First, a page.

Google Admits Vacuuming Up Data from Wi-Fi Networks, Apologizes

Fri, May 14, 2010 at 1:54 pm

    For the past four years, Google has been reaching into unprotected Wi-Fi networks in homes and businesses in more than 30 countries and retaining data about people’s online activities, a practice that the company said Friday was inadvertent and has been stopped.

    Mountain View-based Google said it discovered it was collecting the data after a request nine days ago from authorities in Hamburg, Germany, to review Wi-Fi data collected by its Street View cars, which provide detailed street-level photo imaging used in Google Maps.

    Google said it had accumulated about 600 gigabytes of data — roughly equivalent to 300 million printed pages — transmitted over public Wi-Fi networks. But the company said none of that data was ever accessible to anyone outside the company, nor used in any Google product. Google did not collect any user content from password-protected Wi-Fi networks.

    “The engineering team at Google works hard to earn your trust — and we are acutely aware that we failed badly here,” Alan Eustace, Google’s senior vice president for engineering and research, wrote in a posting to Google’s office blog Friday afternoon. “We are profoundly sorry for this error and are determined to learn all the lessons we can from our mistake.”

    Google said the data collection was the result of a piece of computer code written by a single engineer in an experimental Wi-Fi program in 2006 that was inadvertently used for the Street View program. The company collects data on Wi-Fi networks for the principal purpose of providing locational information to geographic services such as Google Maps.Google said it would delete the data as quickly as possible, and promised to enlist an independent “third party” — perhaps a government agency or other independent group — to review the circumstances behind the breach. But the admission provoked concerns from some privacy advocates.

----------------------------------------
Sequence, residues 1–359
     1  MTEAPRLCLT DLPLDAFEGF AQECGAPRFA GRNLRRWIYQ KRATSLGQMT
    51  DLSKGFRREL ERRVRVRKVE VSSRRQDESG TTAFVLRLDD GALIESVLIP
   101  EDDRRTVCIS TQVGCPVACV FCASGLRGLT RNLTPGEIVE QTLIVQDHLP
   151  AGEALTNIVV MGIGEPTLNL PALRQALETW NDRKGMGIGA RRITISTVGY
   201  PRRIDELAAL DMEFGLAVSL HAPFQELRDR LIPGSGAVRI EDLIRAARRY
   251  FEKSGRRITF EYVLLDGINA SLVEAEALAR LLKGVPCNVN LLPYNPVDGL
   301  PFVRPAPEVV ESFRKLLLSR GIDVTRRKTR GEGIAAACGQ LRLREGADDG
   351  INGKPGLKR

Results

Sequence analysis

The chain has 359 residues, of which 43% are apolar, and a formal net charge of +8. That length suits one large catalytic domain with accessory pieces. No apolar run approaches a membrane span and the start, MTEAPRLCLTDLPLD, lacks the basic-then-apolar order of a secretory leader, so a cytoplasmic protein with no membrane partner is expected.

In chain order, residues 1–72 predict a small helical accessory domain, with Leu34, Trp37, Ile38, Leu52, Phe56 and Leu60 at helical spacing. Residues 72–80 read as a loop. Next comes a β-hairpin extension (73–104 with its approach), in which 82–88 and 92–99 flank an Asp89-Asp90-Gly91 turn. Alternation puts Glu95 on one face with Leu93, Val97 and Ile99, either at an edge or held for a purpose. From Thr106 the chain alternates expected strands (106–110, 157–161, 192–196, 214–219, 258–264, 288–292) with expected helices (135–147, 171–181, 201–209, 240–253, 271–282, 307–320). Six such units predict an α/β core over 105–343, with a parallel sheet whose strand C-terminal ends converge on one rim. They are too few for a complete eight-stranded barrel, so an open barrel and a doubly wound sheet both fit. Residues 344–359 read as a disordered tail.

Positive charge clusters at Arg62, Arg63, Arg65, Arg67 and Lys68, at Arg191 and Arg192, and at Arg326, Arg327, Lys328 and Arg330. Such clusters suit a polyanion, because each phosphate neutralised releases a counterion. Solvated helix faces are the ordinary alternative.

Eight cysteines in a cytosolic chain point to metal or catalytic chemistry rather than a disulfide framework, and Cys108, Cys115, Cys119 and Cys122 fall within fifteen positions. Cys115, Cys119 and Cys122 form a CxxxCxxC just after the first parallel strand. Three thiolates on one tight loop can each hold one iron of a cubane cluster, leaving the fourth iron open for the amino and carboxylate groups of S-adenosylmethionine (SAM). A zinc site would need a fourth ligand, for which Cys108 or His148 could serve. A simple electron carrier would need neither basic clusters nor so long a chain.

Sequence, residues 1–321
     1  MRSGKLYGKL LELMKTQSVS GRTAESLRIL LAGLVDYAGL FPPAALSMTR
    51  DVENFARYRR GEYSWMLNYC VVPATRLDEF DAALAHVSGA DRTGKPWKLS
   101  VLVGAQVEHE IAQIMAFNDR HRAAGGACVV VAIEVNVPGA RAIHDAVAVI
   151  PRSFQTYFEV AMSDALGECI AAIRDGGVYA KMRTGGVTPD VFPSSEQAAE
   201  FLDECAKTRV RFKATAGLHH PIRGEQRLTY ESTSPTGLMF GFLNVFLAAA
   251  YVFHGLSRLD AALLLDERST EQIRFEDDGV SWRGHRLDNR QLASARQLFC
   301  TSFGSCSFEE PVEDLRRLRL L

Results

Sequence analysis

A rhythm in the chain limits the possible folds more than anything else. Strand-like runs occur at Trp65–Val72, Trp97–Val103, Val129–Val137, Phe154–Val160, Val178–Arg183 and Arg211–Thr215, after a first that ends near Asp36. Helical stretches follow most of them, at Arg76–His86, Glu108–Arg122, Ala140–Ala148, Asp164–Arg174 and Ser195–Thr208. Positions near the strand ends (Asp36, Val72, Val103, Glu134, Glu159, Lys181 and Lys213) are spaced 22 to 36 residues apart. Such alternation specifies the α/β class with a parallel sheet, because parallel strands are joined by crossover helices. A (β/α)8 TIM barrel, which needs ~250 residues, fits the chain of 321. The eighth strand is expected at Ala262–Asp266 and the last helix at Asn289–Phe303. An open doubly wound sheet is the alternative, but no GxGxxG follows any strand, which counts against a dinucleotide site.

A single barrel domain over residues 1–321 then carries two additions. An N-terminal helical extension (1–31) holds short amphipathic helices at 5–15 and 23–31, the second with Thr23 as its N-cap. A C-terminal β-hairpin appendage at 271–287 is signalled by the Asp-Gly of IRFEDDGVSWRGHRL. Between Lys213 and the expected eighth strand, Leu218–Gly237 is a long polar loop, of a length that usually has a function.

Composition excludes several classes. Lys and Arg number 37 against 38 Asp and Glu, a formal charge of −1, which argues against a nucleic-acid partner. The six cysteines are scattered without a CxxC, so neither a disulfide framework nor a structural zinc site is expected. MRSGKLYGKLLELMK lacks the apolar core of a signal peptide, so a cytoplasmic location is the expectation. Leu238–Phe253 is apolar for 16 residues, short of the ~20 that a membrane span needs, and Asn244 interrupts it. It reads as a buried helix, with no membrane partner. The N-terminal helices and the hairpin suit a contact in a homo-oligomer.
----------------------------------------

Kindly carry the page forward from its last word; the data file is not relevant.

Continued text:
“Here they are just out and out snooping in neighborhoods and spying on people,” said John Simpson of Consumer Watchdog, a frequent Google critic who questioned whether Google violated wiretapping laws.

    “This is still under internal investigation, but leaving aside the legality of the issues involved, this was a mistake,” Gabriel Stricker, a Google spokesman, said in an e-mail. “As soon as we uncovered our error, we grounded our Street View cars and segregated the data on our network, which we then disconnected to make it inaccessible.”

    Other experts said that the unique Wi-Fi network identifying code that Google also said it was collecting from all Wi-Fi networks — called a MAC address — could be a privacy issue as well.

    “With a database of MAC addresses, you can tie communications back to a certain location and in the process make anonymity on the Web harder and harder to achieve,” said Chris Hoofnagle, a privacy expert at the UC Berkeley law school.

    Contact Mike Swift at 408-271-3648 or [email protected]. Follow him at

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